British Columbia

Lucky find: Long lost snowboard recovered in B.C.'s alpine 6 months after avalanche

Brian Goodwin was lucky to get out of the B.C. mountains alive after surviving an avalanche last January, but had to leave his snowboard behind. He figured it was gone, until he got an email this week.

'I gave up hope about 5 months ago,' says snowboarder

Louise Pick takes a spontaneous summer ride in the alpine above Cirque Lake east of Pemberton, B.C. (Dylann Coote)

Brian Goodwin thought he'd used up his luck for 2017 after surviving a large avalanche in January, even though he lost his brand new snowboard.

Goodwin was with a group of friends in the Stein Valley east of Pemberton, B.C., when someone in his group triggered an avalanche, burying the group's four snowboards and two snowmobiles.

The entire crew made it out unscathed but after hours of probing and digging, only Goodwin's board was left unaccounted for, until now.

"I gave up hope about five months ago," he said.

A mountain miracle

Next to the note Brian Goodwin left in a cabin near the site of the January avalanche, someone had scrawled "She's swimmin' now, bro!" Goodwin's snowbaord was found in an unnamed lake, 1,900 metres above sea level six months after it was lost in an avalanche. (Louise Pick)

At the tail end of the B.C. Day long weekend, Goodwin was working at his bartender job in Whistler when he got an email from Louise Pick.

Pick, who moved from Toronto to Vancouver just over a year ago, found the snowboard during a high alpine hike over the long weekend with her boyfriend.

On the way in, they noticed a handwritten note pinned to the wall of a nearby backcountry cabin. Goodwin had left his contact information behind in case someone happened upon the snowboard. 

Scrawled next to Goodwin's note was a slightly snarky reply: "She's swimmin' now, bro!" which turned out to be true.

Pick said she wasn't really looking for a snowboard, though the note was in the back of her mind when she spotted it submerged near the edge of an unnamed lake about 1,900 metres above sea level.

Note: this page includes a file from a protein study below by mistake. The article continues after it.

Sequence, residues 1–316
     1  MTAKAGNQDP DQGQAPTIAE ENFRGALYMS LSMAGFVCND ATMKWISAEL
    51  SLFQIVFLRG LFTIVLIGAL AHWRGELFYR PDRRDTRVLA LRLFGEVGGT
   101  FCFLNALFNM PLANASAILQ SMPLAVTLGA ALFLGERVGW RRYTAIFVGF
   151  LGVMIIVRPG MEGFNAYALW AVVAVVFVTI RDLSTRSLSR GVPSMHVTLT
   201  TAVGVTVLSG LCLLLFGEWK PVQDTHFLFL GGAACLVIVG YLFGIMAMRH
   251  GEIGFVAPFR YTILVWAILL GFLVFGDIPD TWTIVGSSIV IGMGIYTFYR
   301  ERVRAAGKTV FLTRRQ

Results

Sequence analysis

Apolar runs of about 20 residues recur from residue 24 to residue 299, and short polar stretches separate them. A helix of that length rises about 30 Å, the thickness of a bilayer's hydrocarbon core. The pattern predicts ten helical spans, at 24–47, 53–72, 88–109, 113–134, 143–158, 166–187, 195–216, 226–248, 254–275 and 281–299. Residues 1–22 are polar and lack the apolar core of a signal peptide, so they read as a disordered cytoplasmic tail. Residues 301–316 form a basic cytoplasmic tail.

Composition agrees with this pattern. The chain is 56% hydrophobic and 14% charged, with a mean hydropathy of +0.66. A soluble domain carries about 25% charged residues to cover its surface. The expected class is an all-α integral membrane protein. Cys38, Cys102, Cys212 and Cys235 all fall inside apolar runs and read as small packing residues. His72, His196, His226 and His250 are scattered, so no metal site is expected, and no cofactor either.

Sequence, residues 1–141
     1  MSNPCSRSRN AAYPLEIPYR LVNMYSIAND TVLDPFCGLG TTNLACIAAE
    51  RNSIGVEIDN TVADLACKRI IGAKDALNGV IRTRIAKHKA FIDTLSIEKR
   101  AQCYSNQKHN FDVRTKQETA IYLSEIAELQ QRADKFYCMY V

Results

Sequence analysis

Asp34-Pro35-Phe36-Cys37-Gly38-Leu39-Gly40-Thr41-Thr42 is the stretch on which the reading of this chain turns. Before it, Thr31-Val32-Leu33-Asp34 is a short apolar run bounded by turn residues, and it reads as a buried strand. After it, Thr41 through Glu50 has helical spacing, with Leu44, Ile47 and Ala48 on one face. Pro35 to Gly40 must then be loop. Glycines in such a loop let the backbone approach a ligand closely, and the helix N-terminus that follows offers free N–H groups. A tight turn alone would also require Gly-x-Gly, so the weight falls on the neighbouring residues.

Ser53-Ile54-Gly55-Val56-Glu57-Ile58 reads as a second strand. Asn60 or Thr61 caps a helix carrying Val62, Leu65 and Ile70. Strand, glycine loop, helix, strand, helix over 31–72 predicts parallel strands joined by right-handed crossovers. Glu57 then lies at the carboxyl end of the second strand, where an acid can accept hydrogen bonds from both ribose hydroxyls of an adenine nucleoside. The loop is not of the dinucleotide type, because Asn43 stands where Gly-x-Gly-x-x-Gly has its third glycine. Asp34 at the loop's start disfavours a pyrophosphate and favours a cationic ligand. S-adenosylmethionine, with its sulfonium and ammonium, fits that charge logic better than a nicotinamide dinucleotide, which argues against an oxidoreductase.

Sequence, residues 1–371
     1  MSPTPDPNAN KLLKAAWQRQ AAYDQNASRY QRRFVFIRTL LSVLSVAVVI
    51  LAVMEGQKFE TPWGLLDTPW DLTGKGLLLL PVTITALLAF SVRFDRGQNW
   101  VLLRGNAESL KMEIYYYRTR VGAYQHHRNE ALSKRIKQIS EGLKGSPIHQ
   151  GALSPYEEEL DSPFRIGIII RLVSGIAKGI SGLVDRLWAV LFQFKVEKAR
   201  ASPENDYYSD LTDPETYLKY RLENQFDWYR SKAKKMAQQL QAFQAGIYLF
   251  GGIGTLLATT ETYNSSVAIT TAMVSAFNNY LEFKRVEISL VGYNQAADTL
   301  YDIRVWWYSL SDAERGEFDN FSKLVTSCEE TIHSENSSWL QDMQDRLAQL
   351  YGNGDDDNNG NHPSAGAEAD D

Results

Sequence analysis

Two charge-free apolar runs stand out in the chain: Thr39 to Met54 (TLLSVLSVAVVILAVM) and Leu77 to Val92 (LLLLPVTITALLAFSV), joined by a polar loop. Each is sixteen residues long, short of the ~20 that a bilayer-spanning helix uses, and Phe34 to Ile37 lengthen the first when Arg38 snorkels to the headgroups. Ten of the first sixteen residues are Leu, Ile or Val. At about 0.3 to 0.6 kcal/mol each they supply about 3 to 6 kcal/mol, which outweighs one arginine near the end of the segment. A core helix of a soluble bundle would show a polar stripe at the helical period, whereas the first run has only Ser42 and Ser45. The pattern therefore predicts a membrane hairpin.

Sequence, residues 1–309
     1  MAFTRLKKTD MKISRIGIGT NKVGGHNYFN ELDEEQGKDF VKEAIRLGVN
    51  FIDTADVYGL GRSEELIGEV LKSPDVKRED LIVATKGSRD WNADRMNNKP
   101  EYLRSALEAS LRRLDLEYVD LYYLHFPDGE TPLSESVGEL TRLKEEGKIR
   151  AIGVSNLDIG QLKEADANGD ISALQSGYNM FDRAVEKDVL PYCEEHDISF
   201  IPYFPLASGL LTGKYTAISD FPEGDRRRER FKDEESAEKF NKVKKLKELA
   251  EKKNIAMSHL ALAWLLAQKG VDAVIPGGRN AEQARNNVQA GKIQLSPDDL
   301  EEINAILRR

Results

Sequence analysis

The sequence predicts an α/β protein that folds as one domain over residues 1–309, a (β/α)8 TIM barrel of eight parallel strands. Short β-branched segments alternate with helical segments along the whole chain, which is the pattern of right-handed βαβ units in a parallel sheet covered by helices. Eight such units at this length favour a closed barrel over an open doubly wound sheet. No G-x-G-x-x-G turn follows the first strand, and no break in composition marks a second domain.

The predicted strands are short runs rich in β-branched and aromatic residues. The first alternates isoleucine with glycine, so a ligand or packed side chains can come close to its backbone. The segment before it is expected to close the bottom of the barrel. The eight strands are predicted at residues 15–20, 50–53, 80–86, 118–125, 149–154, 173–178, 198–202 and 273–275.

"I was like 'Oh my god, it's the snowboard!' I just saw it in the water. We were so stoked on it, you know. Anytime you can help people out it's awesome," said Pick.

The board was underwater near the edge of the lake. With a little manoeuvring Pick was able to grab it from the shore. 

'We gotta take this thing for a ride'

Brian Goodwin's board, as spotted from the trail by Louise Pick, who wasted no time strapping her hiking boots in for a free ride. (Louise Pick)

Despite having switched to skiing eight years ago, nevermind that the board was about two sizes too big for her, Pick strapped her hiking boots into the bindings and went for a ride.

"There's tons of patches of snow up in the alpine now so we just hiked it up this hill and took it for a couple runs," she said.

With about five hours left in the hike out, the couple debated whether they'd haul the board out with them, but decided to stash it somewhere in the wilderness instead.

"I don't want to say where it is but we told [Goodwin] where it is," she said.

"And I told him 'It's a beautiful place to hike in the summer so I bet you could just hike in there yourself and go get it.'"

Goodwin said he was happy to get it back but suspects the board may be rusted and water logged beyond repair.

"It's just a snowboard but it was a cool move on her part to hit me up," he said. "She's rad; I want to have beer with her one day, maybe."